The claim is correct for:
- Canthaxanthin is used as a colorant in foodstuff, particularly so in farmed salmon, but also eggs and poultry
- Canthaxanthin does also occur naturally, in some fish, in tiny trace amounts
- Canthaxanthin is linked to eye disease, like the aptly named "Canthaxanthin retinopathy",
- the negative effects occur at relatively higher doses, which are usually not reached when eating salmon occasionally, but frequent consumption will bring some consumers easily above the acceptable daily intake threshold
Thus the claim is going most probably into hyperbole for "most toxic food". The exact doses for the development of the retinopathy are not known.
It is concerning that the colorant is frequently overdosed in farmed fish for the resulting assumed human intake. 80 mg/kg in feedingstuff is allowed, but it is calculated that 'safety' would be achieved by limiting that to 25 mg/kg, but market demand ensures that 80mg is still applied to achieve the desired colour.
In Europe the stuff is regulated as follows:
Canthaxanthin has been authorised at Community level under EC number E 161g as a colouring matter in feedingstuffs under the conditions set out in Council Directive 70/524/EEC on additives in feedingstuffs:
Maximum content mg/kg complete feedingstuff: 80 mg/kg
Use permitted from the age of 6 months onwards
The mixture of canthaxanthin with astaxanthin is allowed provided that the total concentration of the mixture does not exceed 100 mg/kg in the complete feedingstuff.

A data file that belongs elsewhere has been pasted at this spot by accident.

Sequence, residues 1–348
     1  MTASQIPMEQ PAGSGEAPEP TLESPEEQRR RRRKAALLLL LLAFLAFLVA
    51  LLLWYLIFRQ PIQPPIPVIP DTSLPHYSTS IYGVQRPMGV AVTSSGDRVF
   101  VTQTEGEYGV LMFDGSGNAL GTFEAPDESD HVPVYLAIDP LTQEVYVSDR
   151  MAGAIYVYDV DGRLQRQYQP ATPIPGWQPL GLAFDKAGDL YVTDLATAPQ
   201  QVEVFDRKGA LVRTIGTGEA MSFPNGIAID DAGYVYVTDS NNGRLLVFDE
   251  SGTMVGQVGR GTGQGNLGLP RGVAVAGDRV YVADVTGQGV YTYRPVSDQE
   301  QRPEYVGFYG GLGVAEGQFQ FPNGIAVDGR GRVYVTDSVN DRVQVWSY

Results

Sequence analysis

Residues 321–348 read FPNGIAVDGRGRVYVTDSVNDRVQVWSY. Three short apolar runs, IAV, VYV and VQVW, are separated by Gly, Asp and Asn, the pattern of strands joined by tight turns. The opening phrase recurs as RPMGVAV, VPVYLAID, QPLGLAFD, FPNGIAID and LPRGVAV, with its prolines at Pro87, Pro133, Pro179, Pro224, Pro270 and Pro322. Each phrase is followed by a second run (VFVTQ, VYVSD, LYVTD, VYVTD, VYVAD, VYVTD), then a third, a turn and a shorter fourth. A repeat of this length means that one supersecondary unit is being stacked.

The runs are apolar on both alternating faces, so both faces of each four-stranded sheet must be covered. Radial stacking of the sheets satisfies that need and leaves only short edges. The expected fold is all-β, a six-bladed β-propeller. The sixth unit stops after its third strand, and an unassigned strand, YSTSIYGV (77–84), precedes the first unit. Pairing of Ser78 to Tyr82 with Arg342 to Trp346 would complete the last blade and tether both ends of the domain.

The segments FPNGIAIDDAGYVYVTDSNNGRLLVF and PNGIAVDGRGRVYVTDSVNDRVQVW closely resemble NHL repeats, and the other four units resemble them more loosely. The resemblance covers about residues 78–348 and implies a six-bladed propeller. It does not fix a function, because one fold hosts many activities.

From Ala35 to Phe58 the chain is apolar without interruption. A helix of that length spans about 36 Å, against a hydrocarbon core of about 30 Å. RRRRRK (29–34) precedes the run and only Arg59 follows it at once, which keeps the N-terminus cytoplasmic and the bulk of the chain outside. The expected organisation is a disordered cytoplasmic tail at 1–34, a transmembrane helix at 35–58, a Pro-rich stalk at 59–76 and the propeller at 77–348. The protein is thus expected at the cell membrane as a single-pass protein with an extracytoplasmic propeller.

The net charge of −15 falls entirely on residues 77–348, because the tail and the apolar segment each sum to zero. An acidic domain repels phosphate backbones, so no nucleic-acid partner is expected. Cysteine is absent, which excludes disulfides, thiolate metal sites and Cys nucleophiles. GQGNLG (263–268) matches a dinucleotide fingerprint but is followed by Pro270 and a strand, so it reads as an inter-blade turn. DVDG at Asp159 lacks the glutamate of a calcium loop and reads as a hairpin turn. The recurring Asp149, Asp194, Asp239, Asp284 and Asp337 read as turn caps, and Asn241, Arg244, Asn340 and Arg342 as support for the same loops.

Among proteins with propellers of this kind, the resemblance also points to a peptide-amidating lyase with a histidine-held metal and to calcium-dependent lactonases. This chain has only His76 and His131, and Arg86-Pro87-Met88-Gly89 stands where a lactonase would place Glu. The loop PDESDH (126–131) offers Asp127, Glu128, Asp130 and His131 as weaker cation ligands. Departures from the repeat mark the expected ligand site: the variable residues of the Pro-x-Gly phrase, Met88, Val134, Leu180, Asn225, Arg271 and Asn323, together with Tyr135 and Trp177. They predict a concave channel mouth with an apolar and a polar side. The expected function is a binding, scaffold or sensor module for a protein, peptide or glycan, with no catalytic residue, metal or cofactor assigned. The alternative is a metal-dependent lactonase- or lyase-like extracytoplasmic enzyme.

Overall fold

It has also been found in bacteria (Saperstein and Starr, 1954), crustacea (Davies et al., 1970; Thommen and Wackernagel, 1964) and various species of fish including carp Cyprinus carpio (Katayama et al., 1971; 1973), golden mullet Mugil auratus, annular seabream Diplodus annularis, and trush wrasse Crenilabrus tinca (Czeczuga, 1973). Canthaxanthin is not encountered in wild Atlantic salmon but represents a minor carotenoid in wild Pacific salmon (Kitahara, 1983; 1984a,b; Matsuno et al., 1980). It was also reported in the wild trout Salmo trutta (Thommen and Gloor, 1965).
Today the concentration of carotenoids (mainly canthaxanthin and astaxanthin) exceeds 8 mg/kg of flesh and all producers try to reach a level that represents a value of 16 on the "Roche Color Card" (Torrissen, 2000). It must be noted that this scale is specific for measuring the pink colour due to astaxanthin and is not adapted to the orange hue obtained with canthaxanthin. Although a linear relationship has been established between the Color Card Score and the astaxanthin content in fish flesh, no such data is available for canthaxanthin.
The development over time of processing and storage operations, which can impact on canthaxanthin flesh concentration (see 3.4), has led to an increased quantity of pigments added to the diet to compensate for the degrading effects of processing.
In wild fish, carotenoid levels of up to 20-25 mg/kg have been reported in the flesh of trout (Storebakken and No, 1992), a value comparable to that reported for coho salmon by Schiedt et al. (1981). It must be noted that canthaxanthin, when present, is a very minor component
Canthaxanthin is the sole pigment of the carotenoid family registered for the use in both animal feeds and human foods. In the European Union, it is also the sole carotenoid pigment for which an Acceptable Daily Intake (ADI) has been established (0.03 mg canthaxanthin per kg body weight).